Zdenek Hrib, the mayor of Prague, refused to give details as to why he was under protection only revealing that he felt that he was being followed after seeing the same man close to his home multiple times. While Mr Hrib has not confirmed that he believes this incident is related to Russia or the article, he has said that should he be murdered that would mean “the Russian embassies have crossed a red line.”
Tensions between Prague and Moscow have recently been fuelled after the mayor of Prague renamed the square outside the Russian embassy to that of the Russian opposition leader, Boris Nemtsov. In addition, just this month the capital removed the statue of Russian World War Two military hero Marshal Ivan Konev. This had been a very controversial act as the statue was regarded very highly amongst Russians.
Ondrej Kollar, the author of the original article, is also under police protection. Mr Kollar believes that there is a Russian currently in the country appointed with the task of eliminating him. Mr Kolar had not said whether he thinks this is related to an incident in 2019 when he was forced to leave Prague after showing his support for the removal of the statue. Online debates about the removal of the statue led to multiple threats being sent to him.
What was the motive behind the homophobic hack in Morocco?
In the last two weeks, close to a hundred men have had their photos, messages and online profiles from gay dating websites leaked publicly. The leak originated when Moroccan transgender influencer Sofia Taloni, who had herself been a victim of online trolling due to her identity, incited people to create fake dating profiles on apps famously used by the LGBTQ+ community in an attempt to find and expose their relatives. The goal supposedly was to reveal Moroccan society’s hypocrisy, which presents itself as a “straight society” when indeed, many men hide their true identity due to oppressive laws against the LGTBQ+ community.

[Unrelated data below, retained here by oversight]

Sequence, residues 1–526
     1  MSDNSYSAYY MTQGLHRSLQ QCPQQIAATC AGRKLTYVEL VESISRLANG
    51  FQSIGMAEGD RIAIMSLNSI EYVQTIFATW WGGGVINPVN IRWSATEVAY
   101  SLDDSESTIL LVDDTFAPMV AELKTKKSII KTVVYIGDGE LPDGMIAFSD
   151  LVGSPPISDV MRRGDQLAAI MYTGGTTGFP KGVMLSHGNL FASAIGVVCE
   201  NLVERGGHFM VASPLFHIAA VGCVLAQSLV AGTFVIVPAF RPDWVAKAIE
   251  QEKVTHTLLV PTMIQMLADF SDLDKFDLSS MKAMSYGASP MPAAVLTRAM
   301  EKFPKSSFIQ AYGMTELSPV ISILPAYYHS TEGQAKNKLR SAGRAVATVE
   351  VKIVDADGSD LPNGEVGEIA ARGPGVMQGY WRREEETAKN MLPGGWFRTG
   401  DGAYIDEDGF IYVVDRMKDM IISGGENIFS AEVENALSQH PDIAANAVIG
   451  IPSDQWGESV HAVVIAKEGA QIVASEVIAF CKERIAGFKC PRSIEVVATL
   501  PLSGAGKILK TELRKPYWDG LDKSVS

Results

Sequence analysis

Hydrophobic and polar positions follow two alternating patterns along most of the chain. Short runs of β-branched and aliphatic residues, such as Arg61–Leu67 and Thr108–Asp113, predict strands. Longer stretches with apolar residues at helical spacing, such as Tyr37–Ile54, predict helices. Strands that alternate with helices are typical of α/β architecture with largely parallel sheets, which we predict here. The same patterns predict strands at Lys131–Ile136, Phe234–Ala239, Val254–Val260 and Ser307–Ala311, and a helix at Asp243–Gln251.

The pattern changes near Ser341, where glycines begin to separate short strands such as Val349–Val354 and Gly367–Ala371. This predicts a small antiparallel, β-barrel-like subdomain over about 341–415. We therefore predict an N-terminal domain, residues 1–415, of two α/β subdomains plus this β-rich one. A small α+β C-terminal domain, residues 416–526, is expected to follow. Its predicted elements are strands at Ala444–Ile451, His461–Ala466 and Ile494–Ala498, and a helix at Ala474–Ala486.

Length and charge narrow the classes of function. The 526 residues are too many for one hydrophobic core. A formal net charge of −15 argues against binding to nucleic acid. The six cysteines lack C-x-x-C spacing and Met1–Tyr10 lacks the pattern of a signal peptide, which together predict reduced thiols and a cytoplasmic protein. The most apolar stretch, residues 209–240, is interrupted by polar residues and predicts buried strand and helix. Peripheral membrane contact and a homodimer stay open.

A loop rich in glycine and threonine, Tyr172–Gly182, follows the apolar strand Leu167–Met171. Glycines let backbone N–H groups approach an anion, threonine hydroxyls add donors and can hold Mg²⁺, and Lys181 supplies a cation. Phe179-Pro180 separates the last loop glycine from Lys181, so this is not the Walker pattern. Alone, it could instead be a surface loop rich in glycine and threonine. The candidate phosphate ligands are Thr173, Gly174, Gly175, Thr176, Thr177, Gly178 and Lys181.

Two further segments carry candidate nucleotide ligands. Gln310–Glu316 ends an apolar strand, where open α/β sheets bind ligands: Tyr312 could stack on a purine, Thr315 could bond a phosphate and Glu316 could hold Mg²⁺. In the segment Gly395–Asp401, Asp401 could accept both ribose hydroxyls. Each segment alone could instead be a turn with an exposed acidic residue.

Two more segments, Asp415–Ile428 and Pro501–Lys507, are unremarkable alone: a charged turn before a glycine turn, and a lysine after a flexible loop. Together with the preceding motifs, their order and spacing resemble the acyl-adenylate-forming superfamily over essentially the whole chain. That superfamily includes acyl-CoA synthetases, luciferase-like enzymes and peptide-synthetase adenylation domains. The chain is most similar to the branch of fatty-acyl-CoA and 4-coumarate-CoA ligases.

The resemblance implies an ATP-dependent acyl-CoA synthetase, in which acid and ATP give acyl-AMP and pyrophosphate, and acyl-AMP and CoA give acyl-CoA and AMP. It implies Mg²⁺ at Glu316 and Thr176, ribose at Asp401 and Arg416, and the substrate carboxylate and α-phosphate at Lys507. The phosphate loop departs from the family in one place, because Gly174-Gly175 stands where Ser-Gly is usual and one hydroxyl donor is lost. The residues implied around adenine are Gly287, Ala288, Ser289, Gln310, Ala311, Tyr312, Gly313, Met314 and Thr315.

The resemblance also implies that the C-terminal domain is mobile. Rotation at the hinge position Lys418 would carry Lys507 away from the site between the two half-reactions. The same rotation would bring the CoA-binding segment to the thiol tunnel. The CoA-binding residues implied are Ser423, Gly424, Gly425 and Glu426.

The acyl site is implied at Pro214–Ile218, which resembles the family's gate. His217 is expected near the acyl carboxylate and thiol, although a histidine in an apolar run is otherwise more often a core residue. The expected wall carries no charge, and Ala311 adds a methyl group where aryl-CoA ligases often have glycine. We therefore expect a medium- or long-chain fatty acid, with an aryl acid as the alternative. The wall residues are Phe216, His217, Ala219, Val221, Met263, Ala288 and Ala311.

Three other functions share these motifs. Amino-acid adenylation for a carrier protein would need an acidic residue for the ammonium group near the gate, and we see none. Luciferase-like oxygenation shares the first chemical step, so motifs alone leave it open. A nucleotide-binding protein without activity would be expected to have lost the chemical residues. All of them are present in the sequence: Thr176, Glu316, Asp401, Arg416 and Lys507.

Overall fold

As many denounce the human rights and privacy violation, the most dramatic outcome of this situation lies in the fact many of the victims have since then been kicked out of their homes, dishonoured and many fear for their future or in some cases their lives. Another shocking factor is the fact that this violation has not been recognised as a crime by the government or judicial system in Morocco, making it impossible for the men targeted to seek justice.
Homosexuality is still to this day something many North African societies consider and sometimes even legally recognise as a crime, making it harder for members of the LGBTQ+ community in these countries to live their lives freely.
Saudi Arabia has banned flogging as a crime punishment
This is a practice that Saudi Arabians feared for years. For a number of crimes, such as being drunk or insulting their government or religion, people would be flogged in public squares. Human rights activists had condemned this practice for years.
Finally, on the 25th of April, Saudi Arabia Prince Mohammed bin Salman announced that this practice would be abolished from the penal code and replaced by fines or jail time for low-level offenders. The Saudi Arabian Prince is becoming recognised for his will to open up his country’s economy and society, and has passed a number of progressive laws since he was put in power.
Many saluted this decision but highlighted it is one of the many things that need to be amended in the penal code. The death penalty, for example, is still a punishment for drug dealers or murderers, and human rights violations are a common occurrence. It is nevertheless recognised as a step in the right direction that could, hopefully, lead to the relaxation of Saudi Arabia’s most oppressive laws.